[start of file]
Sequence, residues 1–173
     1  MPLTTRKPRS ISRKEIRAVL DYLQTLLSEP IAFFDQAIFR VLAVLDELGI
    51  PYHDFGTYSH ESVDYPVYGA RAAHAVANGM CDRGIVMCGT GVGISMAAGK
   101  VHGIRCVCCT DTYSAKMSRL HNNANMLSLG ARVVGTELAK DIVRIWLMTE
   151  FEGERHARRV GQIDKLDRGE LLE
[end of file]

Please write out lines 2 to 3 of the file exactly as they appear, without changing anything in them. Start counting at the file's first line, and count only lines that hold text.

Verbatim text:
     1  MPLTTRKPRS ISRKEIRAVL DYLQTLLSEP IAFFDQAIFR VLAVLDELGI
    51  PYHDFGTYSH ESVDYPVYGA RAAHAVANGM CDRGIVMCGT GVGISMAAGK